The Unique Properties of (Real) Licorice
Licorice enjoys a rare position in the long catalog of plants used by mankind. We use it as a candy, a sweetener and flavoring agent, and in both modern and traditional medicine as a natural herbal remedy.
Real licorice has a strong and distinctive sweet flavor that has been prized for its own sake and its soothing qualities for centuries. Napoleon sucked on licorice sticks because he liked them. The Egyptian pharaoh, Tutankhamen, was buried with a substantial quantity of licorice for use in the afterlife (whether this was for its value as a candy or as medicine, or both, we don’t know).
In short, real licorice not only tastes good, it’s also good for you.
Not All Licorice Is Licorice
When you buy licorice candy in your local supermarket or candy store, what exactly are you buying? If you live in the United States, the chances are it isn’t licorice. So-called “licorice” candy is flavored with anise (the same herb that gives Pernod its distinctive flavor) or synthetic substitutes. Sugar then becomes a major ingredient, since anise lacks the sweetness of real licorice. Oddly enough, although actual licorice extract is produced in the United States, 90% or more is used to flavor other things, such as cough medicines and (believe it or not) tobacco.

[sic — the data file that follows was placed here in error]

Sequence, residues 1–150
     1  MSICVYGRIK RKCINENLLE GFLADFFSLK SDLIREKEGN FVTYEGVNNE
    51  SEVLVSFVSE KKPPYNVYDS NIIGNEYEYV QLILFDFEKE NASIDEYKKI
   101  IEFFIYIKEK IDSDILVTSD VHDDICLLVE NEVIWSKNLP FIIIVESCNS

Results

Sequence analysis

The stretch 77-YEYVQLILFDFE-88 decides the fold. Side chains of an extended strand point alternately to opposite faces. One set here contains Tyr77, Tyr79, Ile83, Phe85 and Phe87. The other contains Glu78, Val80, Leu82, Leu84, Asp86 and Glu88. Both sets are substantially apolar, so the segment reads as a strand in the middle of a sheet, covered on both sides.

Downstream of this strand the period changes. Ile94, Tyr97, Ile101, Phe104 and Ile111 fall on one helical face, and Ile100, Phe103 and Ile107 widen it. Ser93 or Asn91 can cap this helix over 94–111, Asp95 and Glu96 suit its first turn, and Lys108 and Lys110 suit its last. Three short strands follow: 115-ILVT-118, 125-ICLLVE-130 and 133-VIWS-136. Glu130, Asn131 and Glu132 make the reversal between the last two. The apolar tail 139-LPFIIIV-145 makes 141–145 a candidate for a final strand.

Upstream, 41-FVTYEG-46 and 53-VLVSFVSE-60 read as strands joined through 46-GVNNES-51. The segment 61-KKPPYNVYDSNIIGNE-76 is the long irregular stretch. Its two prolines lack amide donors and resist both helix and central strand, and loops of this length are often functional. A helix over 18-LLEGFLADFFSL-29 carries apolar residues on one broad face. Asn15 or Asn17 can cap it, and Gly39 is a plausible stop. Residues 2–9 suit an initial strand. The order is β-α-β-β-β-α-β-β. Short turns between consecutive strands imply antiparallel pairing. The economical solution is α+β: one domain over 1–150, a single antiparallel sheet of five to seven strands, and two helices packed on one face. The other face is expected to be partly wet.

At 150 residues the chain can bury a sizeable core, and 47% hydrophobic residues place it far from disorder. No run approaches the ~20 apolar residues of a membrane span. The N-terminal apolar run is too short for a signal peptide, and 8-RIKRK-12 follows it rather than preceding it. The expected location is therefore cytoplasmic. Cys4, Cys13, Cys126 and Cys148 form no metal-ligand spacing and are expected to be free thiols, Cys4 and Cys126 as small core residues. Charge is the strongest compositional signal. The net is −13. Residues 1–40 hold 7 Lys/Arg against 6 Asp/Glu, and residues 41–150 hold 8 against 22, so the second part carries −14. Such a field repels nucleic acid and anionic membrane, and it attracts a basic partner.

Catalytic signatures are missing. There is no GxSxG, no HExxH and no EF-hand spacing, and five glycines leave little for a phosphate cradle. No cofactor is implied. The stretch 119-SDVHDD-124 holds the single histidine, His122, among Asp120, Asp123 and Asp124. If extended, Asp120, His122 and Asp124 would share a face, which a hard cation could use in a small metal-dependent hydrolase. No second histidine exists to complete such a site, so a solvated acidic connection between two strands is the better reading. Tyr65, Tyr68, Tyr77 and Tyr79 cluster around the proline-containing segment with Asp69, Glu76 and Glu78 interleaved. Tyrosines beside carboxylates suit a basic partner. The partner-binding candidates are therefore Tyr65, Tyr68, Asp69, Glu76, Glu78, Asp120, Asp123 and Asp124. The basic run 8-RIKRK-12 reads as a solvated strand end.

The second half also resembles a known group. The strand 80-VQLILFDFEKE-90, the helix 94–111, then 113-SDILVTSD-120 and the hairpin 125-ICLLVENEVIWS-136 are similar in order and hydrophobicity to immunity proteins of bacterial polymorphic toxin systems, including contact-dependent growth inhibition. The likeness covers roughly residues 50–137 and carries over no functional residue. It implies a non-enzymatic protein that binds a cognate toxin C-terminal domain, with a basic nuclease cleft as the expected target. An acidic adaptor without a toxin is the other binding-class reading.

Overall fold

Even if you do manage to find the real thing, it will almost certainly have been chemically altered in various ways. (See “Deglycyrrhizinated Licorice (DGL)” for more information.) Only licorice extract in its pure, original form can be certified organic.
Only The Real Thing Is The Real Thing…
Like any natural plant extract, real licorice contains a large complex of interacting components that give it its unique combination of flavor and properties. This rich and complex flavor, from the interaction of literally hundreds of organic chemicals and trace elements, is impossible to manufacture artificially. Only the incredibly tiny cellular “chemical factories” in living plants have that subtlety.
You can find more information about Licorice extract by browsing the Internet!
Copyright © 2004 Alan Gilbertson